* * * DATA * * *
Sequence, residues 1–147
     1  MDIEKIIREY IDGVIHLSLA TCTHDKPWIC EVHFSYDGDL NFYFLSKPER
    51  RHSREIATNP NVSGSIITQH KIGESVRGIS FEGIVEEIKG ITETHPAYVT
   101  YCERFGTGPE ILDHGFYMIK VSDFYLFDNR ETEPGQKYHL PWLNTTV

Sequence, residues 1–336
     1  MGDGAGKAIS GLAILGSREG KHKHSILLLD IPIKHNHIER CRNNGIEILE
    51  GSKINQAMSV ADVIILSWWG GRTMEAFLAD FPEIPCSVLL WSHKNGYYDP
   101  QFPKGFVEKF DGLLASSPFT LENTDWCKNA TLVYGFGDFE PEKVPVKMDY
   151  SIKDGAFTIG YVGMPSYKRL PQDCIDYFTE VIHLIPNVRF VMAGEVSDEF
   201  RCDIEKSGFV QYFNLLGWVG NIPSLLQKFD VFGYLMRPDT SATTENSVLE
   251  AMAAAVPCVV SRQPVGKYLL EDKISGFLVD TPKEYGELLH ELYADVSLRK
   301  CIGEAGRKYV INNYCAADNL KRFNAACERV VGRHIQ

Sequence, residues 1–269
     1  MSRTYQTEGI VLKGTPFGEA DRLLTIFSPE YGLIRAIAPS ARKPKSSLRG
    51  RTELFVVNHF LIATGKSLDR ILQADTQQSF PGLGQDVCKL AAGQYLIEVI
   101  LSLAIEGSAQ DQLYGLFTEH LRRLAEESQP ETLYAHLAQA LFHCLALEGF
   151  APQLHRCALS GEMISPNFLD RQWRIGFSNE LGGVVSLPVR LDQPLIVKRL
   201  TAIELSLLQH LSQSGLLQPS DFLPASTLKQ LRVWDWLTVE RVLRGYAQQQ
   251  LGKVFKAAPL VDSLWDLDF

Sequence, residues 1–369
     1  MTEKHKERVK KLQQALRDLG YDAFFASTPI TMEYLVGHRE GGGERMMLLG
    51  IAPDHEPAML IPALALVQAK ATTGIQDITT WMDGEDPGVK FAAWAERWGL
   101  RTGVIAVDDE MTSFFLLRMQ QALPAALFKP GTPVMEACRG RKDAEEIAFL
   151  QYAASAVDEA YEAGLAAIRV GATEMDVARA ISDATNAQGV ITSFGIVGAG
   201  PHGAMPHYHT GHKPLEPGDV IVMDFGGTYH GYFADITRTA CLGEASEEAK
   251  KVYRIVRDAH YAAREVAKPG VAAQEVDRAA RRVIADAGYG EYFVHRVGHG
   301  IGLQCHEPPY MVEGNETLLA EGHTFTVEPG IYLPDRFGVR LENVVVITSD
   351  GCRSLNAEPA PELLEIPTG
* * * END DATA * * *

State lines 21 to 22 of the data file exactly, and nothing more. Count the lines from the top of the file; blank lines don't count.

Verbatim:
     1  MTEKHKERVK KLQQALRDLG YDAFFASTPI TMEYLVGHRE GGGERMMLLG
    51  IAPDHEPAML IPALALVQAK ATTGIQDITT WMDGEDPGVK FAAWAERWGL